Jessica: Yes, I'm excited to talk to you. My fiance is also a musician and I think he's tired of hearing me go, I really want to---like I miss piercing and I miss talking about jewelry and do you think this is a 5/16" or if I got this pierced, do you think it would be a 3/8". He's like, I don't know what you're talking about.

Annie: I understand.

Jessica: But when he talks about music stuff and I'm like, I don't know what you're saying.

Annie: Right, right. Yeah.

Jessica: So what is it about piercing? Is it what you always wanted to do or do you stumble upon it like what got you into it?

Annie talks about her journey to becoming a piercer
Annie: I wanted to do a lot of things throughout the years. I started piercing really early, you know, I was about 18-ish when I started my apprenticeship 19, about 19-20 when I started piercing, so as soon as I got my first piercing when I was 16, I got my belly button pierced, and I was really into it at that point in time. I had seen the Aerosmith video, and I tried to pierce my own belly button with Stacy Pen and an earring, a piercing stud, the Lockback and I had tried to pierce my friend's eyebrow in her living room and her mom walked in on us and so I had guess, I had just naturally wanted to do it. And then when I turned 18, and I actually got a piercing, which my first piercing was my labret piercing. I know it's labret but I can't make myself say labret because I've said "lab-ray", like in a pretty french way. For so many years. I just can't---I know it's not correct, but I'm from the Midwest and we're rednecks and we kind of say stuff wrong around here. So-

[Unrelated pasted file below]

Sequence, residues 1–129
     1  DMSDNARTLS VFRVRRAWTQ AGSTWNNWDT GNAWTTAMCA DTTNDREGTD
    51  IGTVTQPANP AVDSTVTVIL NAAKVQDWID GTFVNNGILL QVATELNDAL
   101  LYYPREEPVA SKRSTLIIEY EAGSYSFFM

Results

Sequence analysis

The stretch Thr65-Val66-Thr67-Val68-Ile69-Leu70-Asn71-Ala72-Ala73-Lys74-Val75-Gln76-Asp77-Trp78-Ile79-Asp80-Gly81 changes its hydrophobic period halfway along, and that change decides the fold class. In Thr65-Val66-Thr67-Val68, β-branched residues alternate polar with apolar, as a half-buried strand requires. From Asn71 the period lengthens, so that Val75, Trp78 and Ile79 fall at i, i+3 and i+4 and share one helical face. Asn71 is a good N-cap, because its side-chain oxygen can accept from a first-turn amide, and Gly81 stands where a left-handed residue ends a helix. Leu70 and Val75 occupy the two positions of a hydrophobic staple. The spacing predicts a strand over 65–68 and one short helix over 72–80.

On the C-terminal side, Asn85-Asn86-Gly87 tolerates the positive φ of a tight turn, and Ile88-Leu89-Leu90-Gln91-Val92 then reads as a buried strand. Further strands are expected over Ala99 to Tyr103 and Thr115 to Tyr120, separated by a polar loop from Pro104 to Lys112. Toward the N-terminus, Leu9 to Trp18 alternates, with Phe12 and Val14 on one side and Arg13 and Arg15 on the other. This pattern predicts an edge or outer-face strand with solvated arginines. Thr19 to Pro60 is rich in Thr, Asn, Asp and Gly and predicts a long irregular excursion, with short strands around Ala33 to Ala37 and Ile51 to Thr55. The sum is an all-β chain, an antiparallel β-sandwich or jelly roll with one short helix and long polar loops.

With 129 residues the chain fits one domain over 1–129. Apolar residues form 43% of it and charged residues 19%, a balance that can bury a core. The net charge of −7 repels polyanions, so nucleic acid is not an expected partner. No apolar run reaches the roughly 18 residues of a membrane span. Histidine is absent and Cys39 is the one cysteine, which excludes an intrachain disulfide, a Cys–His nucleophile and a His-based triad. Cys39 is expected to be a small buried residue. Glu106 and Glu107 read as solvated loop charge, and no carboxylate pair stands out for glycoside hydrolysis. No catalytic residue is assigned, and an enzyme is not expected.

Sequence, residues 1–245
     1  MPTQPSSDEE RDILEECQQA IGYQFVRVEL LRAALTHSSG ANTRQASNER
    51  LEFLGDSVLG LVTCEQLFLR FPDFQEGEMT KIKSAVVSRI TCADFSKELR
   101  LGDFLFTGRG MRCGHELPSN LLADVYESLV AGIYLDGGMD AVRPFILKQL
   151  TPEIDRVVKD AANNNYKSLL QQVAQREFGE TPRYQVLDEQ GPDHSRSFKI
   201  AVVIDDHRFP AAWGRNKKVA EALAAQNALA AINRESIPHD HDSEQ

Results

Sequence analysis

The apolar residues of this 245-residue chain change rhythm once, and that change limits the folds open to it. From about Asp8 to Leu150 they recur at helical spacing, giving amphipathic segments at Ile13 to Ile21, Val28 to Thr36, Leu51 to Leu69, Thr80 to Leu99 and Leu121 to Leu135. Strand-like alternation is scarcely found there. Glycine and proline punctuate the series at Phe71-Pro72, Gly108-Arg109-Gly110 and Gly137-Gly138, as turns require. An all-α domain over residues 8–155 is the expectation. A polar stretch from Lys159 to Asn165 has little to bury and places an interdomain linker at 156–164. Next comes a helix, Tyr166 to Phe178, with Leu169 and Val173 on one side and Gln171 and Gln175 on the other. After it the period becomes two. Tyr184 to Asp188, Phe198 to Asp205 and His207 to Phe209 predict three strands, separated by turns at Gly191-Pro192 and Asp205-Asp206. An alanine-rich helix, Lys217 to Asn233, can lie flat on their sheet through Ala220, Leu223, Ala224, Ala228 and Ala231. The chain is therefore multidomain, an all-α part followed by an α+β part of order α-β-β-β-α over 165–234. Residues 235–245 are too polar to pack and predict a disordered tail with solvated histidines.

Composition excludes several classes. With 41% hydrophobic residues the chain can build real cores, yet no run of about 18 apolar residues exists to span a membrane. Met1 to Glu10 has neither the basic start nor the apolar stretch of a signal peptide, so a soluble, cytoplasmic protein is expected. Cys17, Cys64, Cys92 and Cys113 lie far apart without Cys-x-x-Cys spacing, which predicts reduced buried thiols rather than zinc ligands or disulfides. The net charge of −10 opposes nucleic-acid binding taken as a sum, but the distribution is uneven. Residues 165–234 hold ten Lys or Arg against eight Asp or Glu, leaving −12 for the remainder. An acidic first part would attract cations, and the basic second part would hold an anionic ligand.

Photos by @annietheimpaler

Jessica: You're good.

Annie: Don't judge me.

Jessica: I also call it a "lab-ray," so you're like labret and like, oh, that's what it's called.

Annie: I just can't make myself say it because that doesn't sound right to me. But, so when I got that piercing, I was 18. It was really cool experience and I really was intrigued by it and then the more I got stuff done, the more I liked it. So I got a tattoo when I was 18, and then I just kind of started hanging around that shop and pretty much never left. I just kept coming back and I was like, no, I really want to learn how to pierce, you really need to teach me and they were like, no, go home and I was like, no, you really need to teach me and they were like, no go home and you know, of course, there's a million people always coming in, oh, I want to be a piercer or be a tattoo artist because it's a cool job. Everybody wants to do it so, you know, they just kind of blew me off and I was like, I'm gonna just keep coming back until you get so annoyed with me that you let me because I won't stop. And so I just kept coming and people would recognize me in there so they would just start asking me questions and sometimes people would be busy and have gloves on so I just pick up the phone and answer the phone and finally the owner was like, I guess you can hang-out and you answer the phones and I'm like, dude, I've been answering your phones but okay. And so it just kind of went from there, they finally just let me have my way.